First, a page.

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Amid falling prices of raw materials, recession, and now COVID-19, Africa is in serious trouble as debt burden grows. Zambia is on the brink of defaulting on its foreign debt as a so-called grace period expires.
Hardly anyone would want to take the job of Angola's minister of finance, Vera Daves. By the end of this year, the country's gigantic amount of debt is expected to grow to over 120% of gross domestic product (GDP).
Even in normal times, without the coronavirus pandemic burden, this is a considerable challenge.
"Our priority is to survive, save as many lives as possible, and prevent the healthcare system from collapsing. Then we want to reach a bearable debt level," Daves said in October.
However, one step has been taken: Donors have pledged to relieve Angola of around €5.3 billion ($6.3 billion) in debt over the next few years. But this relief doesn't mean Africa's fifth-largest economy is out of trouble yet.
According to the International Monetary Fund (IMF), African states need almost €410 billion to pay off all foreign debts due by 2023.
Read more: Africa’s debt crisis: Who is to blame?
No money for schools and hospitals
Nobody wants to imagine what else happens, warns Jürgen Kaiser of the development policy network erlassjahr.de. "States would cease to fulfill basic needs: security, education, health care," Kaiser told DW, adding that "many people no longer see a future in their home countries."
But even now, some countries feel the pinch due to the pressure to pay the due debts.
Zambia is a case in point — the southern African country is on the brink of defaulting on its foreign debt after failing to pay more than $40 million last month. A grace period will expire on Friday, making it Africa's first nation to default on its sovereign debt since the COVID-19 pandemic started.
Zambia was already struggling to reduce its $12 billion external debt burden, but it is not the only African country in this trouble. Mozambique also slipped into the debt crisis due to corruption scandals worth billions of dollars. "If we had to pay our debts, the situation would be tough," Adriano Nuvunga of the civil society network FMO in Mozambique told DW.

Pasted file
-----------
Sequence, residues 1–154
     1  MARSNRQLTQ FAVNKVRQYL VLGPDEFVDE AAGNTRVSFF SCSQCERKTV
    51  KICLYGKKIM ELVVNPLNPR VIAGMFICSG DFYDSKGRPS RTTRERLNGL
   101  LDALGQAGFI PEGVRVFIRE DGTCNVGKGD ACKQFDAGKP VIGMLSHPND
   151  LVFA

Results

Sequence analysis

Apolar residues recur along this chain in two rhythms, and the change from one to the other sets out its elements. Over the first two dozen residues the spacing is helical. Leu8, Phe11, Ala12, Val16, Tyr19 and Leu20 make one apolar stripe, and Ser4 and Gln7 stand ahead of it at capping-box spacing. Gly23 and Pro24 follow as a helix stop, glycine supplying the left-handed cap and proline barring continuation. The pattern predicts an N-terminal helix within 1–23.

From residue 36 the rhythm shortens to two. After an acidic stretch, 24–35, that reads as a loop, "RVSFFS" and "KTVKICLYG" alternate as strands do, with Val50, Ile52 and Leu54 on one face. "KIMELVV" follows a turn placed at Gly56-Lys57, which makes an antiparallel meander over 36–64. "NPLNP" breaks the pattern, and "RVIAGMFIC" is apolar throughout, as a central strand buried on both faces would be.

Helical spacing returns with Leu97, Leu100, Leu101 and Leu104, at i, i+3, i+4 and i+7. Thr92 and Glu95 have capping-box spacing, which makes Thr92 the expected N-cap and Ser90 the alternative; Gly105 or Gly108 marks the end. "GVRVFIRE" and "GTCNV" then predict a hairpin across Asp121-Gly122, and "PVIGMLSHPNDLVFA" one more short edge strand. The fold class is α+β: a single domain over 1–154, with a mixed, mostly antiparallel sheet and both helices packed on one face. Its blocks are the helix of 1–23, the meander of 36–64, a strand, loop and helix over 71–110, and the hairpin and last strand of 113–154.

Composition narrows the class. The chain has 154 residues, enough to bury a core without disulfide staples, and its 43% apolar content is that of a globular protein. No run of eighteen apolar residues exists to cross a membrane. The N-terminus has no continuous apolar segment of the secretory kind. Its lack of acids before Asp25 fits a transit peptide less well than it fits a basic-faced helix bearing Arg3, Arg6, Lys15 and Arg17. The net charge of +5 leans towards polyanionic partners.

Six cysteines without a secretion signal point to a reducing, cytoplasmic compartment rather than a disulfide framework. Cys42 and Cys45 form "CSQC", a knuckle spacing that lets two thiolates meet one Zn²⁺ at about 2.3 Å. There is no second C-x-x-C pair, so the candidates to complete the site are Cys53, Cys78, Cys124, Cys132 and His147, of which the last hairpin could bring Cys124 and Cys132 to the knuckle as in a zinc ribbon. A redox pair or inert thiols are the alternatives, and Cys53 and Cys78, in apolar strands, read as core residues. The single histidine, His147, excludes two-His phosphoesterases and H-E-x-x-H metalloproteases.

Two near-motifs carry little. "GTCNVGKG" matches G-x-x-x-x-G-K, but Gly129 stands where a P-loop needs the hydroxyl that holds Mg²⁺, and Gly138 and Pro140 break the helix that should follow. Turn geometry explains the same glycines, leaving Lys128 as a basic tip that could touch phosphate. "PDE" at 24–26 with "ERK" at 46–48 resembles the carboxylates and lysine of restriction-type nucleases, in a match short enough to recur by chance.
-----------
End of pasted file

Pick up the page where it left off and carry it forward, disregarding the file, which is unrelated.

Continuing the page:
"Because we need funds to support the poorest of the poor. Since coronavirus began, they have not received any support at all," Nuvunga said.
While Mozambicans must pay for billions stolen by few individuals in power, other countries' liabilities grew for different reasons: With comparatively cheap money on the capital markets or borrowed from China, they financed massive infrastructure projects, bridges, and railroad lines.
African countries such as Kenya have invested heavily in infrastructure with loans and grants from donors
COVID-19 pandemic aggravates the situation
The rich-in-natural-resource countries had hoped to repay the loans by selling minerals, but then came coronavirus."We have an important factor that affects countries like Angola, Gabon, or the Republic of Congo — it's the drop-in oil prices," says expert Kaiser.
Gabon's Finance Minister Jean-Marie Ogandaga had projected the country's economy to grow by up to 5%, with an oil price of $57 per barrel in the current budget. Now he expects the economy to grow by a maximum of 0.5% in 2020 — with an estimated oil price of $26 per barrel.
"If you suddenly get half your salary, you can't just continue to pay your debts as if nothing was wrong," Ogandaga said in May.
The International Monetary Fund (IMF) and the World Bank have already promised to help some states. The 20 leading industrialized and emerging countries (G20) have allowed 73 particularly heavily indebted countries to suspend repayments until the end of June 2021.
But the initiative is only considered a first step. "The moratorium helps a lot, but it only postpones payments. But some countries need substantial debt relief," World Bank head, David Malpass, told DW in October.
Private donors have another problem: Some African countries have borrowed large sums of money on the global financial markets in recent years. Now they must pay off the loans with incredible difficulty.
Next year, an estimated €18 billion in repayments to private creditors will be due. In contrast to public donors, however, there are still no signals that private donors will cut their debts. "I, as a taxpayer, do not want to accept waivers so that Blackrock and the Deutsche Bank can continue to cash in," Kaiser said.
Counting on the G20
Hopes are now resting on the G20: the finance ministers of the most industrialized and emerging countries want to discuss debt relief for hard-hit countries at their meeting on November 13. They had already developed a corresponding procedure in October.
According to media reports, however, an essential demand by experts and civil society is to be met: In the future, debt relief initiatives should include all donors — Western states, China, and also private creditors. A possible candidate for such a procedure is Zambia — which already had to ask its creditors for a payment extension in October.
Leonel Matias in Maputo contributed to this report.